The second step is to capture metrics that support these KPIs. The surest ways to "Reduce IT infrastructure costs " are, of course, to reduce the number of servers and the number of people. Each box and each belly-button has an incremental cost. Do you know what those costs are? That's where it all falls apart, you see. Not a lot of gthe IT departments I've worked with excel at determining how much they'll save by taking one server off the floor. They do tend to understand the savings of taking back a system administrator's badge, but at some point you run out of people who actually know something about computers. A person who gets the same amount of money deposited in her checking account twice a month is easy to understand from a cost perspective. But what about that incremental server? How much does that standard hardware build cost? How much does that standard software stack cost? Oh, you don't have hardware or software standards? Or you do, but you don't understand how to burden the network or storage components? Or you're not sure how to distinguish between physical and logical servers? Or you're not sure how the software is licensed? If you have any of these problems, I'd recommend gaining a clearer understanding of your costs before you proceed with cloud computing projects or any other supposed cost savers, or you'll never know for sure if you've made good decisions.

The last step is the investment analysis. I don't like the term "ROI". I've got an MBA with a finance specialization and I'm not sure what it means so, I'm here to tell you, the sales rep from your vendor doesn't have a clue. A colleague of mine from IBM's IT Business Management community of practice tells me that there are at least 23 accepted formulas for "return on investment". (The one I mean when I use the term is also called "return on invested capital," and applies more to corporate financial reporting than to anything I ever found in a data center.) So what do your decision makers mean by ROI? Net present value? Internal rate of return? Payback period? What's your discount rate? What's your hurdle rate? Again, if you don't have a handle on these, good luck getting anything -- cloud or otherwise -- greenlighted. I assure you, the number-crunchers who work for the lines of business know this stuff inside-out and will have a much easier time justifying their pet projects to the CFO than you will.

Whether you use ITIL or CoBIT or PRM-IT or whatever process mapping system you choose, there's a big block that deals with how well you understand your costs. If your capabilities in this area are not as mature as they should be, this could be a huge barrier to your ambitions to grow into the cloud.

For more on this, click

Have a better day,

Bill Freedman

Kicking off

Welcome, and thanks for joining the discussion.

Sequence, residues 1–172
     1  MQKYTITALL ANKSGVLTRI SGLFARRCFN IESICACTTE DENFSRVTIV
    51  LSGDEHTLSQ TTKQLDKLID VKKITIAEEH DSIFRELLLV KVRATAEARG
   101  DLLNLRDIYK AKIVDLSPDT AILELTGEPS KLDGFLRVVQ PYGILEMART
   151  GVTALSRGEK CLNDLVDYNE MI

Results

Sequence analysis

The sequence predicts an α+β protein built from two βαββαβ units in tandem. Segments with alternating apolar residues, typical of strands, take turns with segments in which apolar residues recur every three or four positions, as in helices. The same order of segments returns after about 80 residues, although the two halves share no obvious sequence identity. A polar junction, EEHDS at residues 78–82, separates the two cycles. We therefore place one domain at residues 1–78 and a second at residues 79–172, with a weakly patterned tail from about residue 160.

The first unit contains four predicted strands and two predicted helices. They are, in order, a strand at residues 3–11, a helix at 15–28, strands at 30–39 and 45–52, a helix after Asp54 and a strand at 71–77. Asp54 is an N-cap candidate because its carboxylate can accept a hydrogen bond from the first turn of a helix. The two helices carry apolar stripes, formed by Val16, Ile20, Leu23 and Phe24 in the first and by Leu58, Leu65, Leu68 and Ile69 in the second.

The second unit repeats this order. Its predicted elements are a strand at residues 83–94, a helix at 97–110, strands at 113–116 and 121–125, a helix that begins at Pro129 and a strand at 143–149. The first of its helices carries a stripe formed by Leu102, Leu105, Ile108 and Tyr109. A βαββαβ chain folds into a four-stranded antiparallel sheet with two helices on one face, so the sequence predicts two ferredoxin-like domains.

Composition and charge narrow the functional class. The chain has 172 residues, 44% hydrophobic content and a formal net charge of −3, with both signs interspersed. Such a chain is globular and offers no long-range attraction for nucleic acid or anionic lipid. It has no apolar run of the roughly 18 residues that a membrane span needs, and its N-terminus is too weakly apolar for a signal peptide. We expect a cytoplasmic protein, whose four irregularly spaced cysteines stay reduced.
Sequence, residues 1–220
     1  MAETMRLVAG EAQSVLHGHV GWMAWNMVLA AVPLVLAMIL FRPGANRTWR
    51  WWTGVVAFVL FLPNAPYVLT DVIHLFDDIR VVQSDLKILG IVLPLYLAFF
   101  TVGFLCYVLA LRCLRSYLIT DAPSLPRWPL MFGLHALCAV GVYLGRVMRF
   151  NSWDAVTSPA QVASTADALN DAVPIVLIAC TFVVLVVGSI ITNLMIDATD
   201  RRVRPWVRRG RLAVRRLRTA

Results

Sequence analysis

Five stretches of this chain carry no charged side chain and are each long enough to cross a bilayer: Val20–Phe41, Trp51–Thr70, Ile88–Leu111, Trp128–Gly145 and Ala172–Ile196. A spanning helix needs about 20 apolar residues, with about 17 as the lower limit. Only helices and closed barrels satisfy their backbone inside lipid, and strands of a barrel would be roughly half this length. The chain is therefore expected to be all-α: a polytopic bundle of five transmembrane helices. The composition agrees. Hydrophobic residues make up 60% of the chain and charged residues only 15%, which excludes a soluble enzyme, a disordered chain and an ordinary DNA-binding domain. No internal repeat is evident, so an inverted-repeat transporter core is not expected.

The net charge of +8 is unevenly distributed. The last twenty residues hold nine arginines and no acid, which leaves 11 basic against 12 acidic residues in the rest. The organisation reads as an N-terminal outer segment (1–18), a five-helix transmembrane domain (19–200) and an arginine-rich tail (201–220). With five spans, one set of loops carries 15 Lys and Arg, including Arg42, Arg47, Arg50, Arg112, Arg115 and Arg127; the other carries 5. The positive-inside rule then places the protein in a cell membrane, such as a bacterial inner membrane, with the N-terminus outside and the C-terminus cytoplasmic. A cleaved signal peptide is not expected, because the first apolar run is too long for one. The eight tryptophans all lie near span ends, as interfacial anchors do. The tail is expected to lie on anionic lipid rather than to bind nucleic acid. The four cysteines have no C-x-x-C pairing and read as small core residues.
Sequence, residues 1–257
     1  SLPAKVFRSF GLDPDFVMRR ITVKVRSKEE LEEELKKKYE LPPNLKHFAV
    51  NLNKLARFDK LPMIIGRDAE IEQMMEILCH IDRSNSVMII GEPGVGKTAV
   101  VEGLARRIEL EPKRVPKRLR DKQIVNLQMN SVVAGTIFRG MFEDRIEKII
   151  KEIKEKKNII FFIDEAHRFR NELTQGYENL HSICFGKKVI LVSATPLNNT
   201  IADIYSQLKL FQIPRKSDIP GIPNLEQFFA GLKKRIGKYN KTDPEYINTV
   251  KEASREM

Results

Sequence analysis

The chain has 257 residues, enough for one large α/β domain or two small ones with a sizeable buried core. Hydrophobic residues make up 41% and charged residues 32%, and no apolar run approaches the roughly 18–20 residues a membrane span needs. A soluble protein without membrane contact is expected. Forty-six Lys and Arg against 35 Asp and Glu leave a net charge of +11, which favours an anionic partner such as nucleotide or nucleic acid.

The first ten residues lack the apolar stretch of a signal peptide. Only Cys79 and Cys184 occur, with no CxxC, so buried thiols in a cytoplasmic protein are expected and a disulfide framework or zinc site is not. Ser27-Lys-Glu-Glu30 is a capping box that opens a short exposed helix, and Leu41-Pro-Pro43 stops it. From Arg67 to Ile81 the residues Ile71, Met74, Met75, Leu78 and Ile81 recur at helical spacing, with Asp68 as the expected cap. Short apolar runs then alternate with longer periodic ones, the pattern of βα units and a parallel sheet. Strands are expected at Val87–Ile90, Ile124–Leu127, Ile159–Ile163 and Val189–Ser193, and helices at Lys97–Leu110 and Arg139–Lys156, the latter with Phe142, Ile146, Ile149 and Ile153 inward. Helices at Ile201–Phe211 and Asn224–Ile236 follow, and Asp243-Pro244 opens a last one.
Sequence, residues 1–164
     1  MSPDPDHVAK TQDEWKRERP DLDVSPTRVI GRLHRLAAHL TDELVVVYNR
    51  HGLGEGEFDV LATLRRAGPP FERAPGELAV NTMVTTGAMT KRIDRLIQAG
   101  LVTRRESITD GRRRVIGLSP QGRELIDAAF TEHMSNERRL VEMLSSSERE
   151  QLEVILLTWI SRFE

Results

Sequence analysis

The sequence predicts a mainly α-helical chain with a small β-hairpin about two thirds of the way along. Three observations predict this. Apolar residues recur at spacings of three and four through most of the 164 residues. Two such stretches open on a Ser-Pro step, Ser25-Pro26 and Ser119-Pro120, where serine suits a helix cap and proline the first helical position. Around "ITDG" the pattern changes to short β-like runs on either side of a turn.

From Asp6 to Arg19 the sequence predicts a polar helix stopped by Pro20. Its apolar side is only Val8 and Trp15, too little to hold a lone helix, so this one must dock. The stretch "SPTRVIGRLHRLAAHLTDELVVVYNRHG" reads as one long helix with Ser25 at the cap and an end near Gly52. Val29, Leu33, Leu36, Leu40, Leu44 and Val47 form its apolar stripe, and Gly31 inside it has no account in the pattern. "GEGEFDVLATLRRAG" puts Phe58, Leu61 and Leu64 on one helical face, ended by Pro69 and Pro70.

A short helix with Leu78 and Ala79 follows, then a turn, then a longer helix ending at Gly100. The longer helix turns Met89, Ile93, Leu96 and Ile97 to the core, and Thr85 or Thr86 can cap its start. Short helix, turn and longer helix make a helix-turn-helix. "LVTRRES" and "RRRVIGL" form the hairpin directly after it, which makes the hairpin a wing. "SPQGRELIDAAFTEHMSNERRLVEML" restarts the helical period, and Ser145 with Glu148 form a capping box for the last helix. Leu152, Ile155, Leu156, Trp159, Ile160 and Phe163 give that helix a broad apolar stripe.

To briefly introduce myself, I work for IBM as a business management consultant. I handle a lot of the number-crunching, CFO-facing stuff. Basically, I'm called upon to do three things:

1. work directly with clients to develop business cases, chargeback models, and other stuff that involves working with spreadsheets (i.e., the junk that everyone else in IT spend their careers avoiding);
2. develop intellectual capital as part of IBM's Global Deployment Center; and
3. lead the global core team for the roughly 1,000 IBMers worldwide who comprise the IT Business Management community of practice.

Because of my misspent past -- my first career was in journalism -- the PWGPMTM (people who get paid more than me) asked me to start a blog about where business management processes intersect with the new "cloud" approach. Since they're not actually paying me to do it, though, and this is being done on my own time, they're going to have to live with the risk of Freedman being a loose cannon. I will make the bosses this one assurance: I won't write anything that will reflect negatively on IBM customers; if I have to cite a real-world example, I'll do everything I can to mask who it is I'm talking about.

So let's take a look at this intersection.

As for business management, I know exactly what that is: governance, alignment, costing, charging. I don't know too many companies that are doing it correctly, but I know what it is. (My experience is skewed, of course. The companies that do have a handle on it wouldn't be hiring consultants to help them, right?)

As for cloud, I don't know anything about it. Here's what one IBM document has to say about it:

Cloud is a synergistic fusion which accelerates business value across a wide variety of domains.


Here's what I think it is: turning fixed costs into variable costs.

This has been around forever. "Cloud" is just a way of marketing it. I hope it works this time.

We used to call it "on-demand". We used to call it "the utility model". We still call some of it "application service provider". But it's all the same thing. Rather than buy all the components you need for your hardware, then construct a building that can provide all the power, pipe and ping you need to run those machines, then roll your own applications, you pay someone else to handle it for you.

Metaphorically: You don't own the utility grid anymore. Just the light switch.

This is not a new idea. Don't get me wrong, I'm not dismissive about it at all. I think it's great if we can get to it and I dedicate this blog to those of you who, through your comments and links, collaborate with me in making this space the home for all who'll be building business cases to support the cloud model at your own companies.

For an overview of what IBM is doing, click here:

If you have any comments on what you see there, or here, please click the "Comment" button and let's talk it out.

I look forward to a fascinating conversation with you.

Warmest regards,

Bill Freedman